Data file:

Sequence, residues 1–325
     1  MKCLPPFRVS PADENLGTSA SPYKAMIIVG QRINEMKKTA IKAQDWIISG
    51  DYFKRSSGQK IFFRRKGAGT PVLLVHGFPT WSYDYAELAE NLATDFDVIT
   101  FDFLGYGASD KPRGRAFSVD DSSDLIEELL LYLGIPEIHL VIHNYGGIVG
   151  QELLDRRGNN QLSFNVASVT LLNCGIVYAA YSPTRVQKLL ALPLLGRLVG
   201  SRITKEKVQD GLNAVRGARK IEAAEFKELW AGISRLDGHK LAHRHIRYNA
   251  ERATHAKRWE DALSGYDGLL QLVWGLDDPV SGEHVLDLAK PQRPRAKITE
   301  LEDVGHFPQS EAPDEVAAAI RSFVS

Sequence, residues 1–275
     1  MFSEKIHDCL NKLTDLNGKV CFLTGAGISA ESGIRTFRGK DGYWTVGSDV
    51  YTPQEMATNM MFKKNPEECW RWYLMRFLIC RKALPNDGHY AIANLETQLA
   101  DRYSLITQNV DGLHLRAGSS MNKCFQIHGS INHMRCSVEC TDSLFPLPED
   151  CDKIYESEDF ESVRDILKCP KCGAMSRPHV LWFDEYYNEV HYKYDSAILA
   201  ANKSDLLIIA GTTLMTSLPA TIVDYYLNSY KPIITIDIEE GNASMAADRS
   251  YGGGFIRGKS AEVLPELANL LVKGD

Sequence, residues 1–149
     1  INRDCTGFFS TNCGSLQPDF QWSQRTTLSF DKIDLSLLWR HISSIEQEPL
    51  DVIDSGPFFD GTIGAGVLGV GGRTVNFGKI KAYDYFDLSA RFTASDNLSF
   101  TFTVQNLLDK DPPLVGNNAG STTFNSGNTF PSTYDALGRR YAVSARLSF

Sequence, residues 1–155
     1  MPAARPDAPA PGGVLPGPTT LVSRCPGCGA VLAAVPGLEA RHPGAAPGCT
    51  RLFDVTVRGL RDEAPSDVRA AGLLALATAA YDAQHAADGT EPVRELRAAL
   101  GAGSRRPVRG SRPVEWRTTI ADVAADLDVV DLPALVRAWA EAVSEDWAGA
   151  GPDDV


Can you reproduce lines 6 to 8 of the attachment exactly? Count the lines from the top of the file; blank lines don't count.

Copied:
   201  SRITKEKVQD GLNAVRGARK IEAAEFKELW AGISRLDGHK LAHRHIRYNA
   251  ERATHAKRWE DALSGYDGLL QLVWGLDDPV SGEHVLDLAK PQRPRAKITE
   301  LEDVGHFPQS EAPDEVAAAI RSFVS